Chinese Antarctic Research Expedition CHINARE-21 was the first who arrived in this remote place in January 2005. Under the bright summer sun, they made several important scientific research activities – extracted 110 m long ice core sample and installed automatic meteorological station built by Australians. It is expected that this station continuously will collect data for 20 years and send it to the satellite. Data can be seen online here.
Ambitions of Chinese scientists did not end with this. The next expedition installed automatic astronomical observatory PLATO in January 2008. This station worked well for 208 days when energy supplies ended and thus far is serviced and restarted every summer. The science made by PLATO can be learned here and current situation can be seen on these webcams. In fact, these webcams show that some accumulation of snow due to winds is taking place here.
In 2009 the construction of the most extreme Antarctic research station – Kunlun Station – was started. For the beginning, it, of course, is summer station.
The work here is extremely demanding. It is hard to breathe and one should be very careful not to damage his lungs. There are numerous problems that can not be imagined by people elsewhere in the world. Going to the toilet outside premises seems to be mission impossible: at -60°C everything freezes stone-hard immediately after leaving the body, or, if you are not well prepared and quick enough, shortly BEFORE leaving the body. Hands without handkerchiefs are damaged by frost in 3 minutes’ time at this temperature.
After working for 50 days at Dome A people are losing weight – it is not possible to take wholesome food to this place.
Kunlun station is designed to persist in at least -93°C cold at a wind speed of 12 m/s. This requires special engineered materials – common steel is not trustable at such conditions. It is planned to develop an airport here as well. The station is located 1,200 km from the other Antarctic stations and is outside the range of helicopters – thus currently it is reached only with snowmobiles.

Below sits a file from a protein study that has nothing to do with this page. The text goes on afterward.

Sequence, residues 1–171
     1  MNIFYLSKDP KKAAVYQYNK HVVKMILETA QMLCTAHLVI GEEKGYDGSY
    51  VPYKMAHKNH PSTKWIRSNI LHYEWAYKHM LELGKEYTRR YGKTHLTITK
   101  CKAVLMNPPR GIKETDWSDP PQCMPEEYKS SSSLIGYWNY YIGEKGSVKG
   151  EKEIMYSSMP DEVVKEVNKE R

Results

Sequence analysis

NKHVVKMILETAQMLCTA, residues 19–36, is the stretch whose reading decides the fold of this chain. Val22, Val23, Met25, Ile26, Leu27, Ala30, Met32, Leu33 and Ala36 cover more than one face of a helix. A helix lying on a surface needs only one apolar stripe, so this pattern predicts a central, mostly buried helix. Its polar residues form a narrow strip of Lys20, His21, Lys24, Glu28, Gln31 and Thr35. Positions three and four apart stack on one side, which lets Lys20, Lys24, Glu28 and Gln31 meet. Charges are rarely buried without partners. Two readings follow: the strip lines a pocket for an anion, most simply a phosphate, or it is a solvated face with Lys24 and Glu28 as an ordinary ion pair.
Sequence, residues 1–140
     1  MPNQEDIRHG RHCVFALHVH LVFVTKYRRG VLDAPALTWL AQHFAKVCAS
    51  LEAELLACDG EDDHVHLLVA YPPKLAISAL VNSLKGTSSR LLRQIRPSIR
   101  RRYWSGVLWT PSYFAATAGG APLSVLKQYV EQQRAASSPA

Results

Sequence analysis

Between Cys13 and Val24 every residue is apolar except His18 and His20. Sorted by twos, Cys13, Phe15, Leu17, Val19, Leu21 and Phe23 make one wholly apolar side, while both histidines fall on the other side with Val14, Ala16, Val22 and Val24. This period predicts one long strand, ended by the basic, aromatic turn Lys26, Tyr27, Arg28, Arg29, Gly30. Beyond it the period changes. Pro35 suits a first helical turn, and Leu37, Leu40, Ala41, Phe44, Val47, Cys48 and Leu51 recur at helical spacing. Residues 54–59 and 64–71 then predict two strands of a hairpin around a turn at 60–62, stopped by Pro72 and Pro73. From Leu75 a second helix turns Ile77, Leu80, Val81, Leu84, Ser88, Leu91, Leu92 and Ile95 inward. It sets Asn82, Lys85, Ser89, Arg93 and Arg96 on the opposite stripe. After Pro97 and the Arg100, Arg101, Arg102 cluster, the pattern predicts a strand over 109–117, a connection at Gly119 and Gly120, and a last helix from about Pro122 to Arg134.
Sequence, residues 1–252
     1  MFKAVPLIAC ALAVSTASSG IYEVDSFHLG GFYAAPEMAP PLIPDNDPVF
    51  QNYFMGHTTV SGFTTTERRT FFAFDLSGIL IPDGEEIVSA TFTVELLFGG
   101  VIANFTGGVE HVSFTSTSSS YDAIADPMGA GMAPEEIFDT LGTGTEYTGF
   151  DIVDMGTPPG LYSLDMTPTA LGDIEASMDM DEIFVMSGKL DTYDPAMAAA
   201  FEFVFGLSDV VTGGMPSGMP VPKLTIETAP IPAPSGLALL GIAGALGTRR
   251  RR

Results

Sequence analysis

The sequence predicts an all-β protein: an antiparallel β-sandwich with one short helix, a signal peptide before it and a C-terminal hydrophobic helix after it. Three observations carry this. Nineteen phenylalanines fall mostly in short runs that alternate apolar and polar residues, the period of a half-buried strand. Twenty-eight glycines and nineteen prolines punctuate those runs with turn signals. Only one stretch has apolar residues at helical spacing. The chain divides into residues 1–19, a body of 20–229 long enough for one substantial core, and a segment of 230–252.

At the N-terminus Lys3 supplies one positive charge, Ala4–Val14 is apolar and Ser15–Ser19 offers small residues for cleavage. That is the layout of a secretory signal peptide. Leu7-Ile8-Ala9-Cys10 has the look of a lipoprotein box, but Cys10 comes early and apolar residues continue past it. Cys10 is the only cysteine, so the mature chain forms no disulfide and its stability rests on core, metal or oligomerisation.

Dome A is one of the best locations on Earth for astronomical observations – for example, it is probably the only place on Earth where the interstellar medium can be researched in terahertz frequencies. Many roles in this program are taken by Australia which sees a possibility to develop a world-class astronomical observatory here.
- Australian Antarctic Division, Dome A: Colder than Cold. Accessed in the 31st December 2011. Here you can look current temperature at Dome A – amazing!
- Xiao Cunde, Li Yuansheng, Ian Allison, Hou Shugui, Gabrielle Dreyfus, Jean-Marc Barnola, Ren Jiawen, Bian Lingen, Zhang Shenkai, Takao Kameda. Surface characteristics at Dome A, Antarctica: first measurements and a guide to future ice-coring sites. Annals of Glaciology 48, 2008. Accessed in 27 September 2010.
Dome A is included in the following article:
Antarctica is an unusual continent, little known to general people and comparatively little investigated. Here are missing numerous kinds of landmarks common in all other continents of the world – but this is compensated by several kinds of landmarks unique to Antarctica.
Unusual weather conditions can happen in any place in the world. But there are locations where unusual meteorological phenomena are observed frequently – even every day.
Antarctica and Sub-antarctic islands were the last part of Earth that was reached and explored by humans. The harsh climate prevents habitation of these lands except for Tristan da Cunha island that has much milder weather.
This is the largest wilderness region in the world with countless natural attractions that are not mentioned in any tourist guidebooks or Internet pages.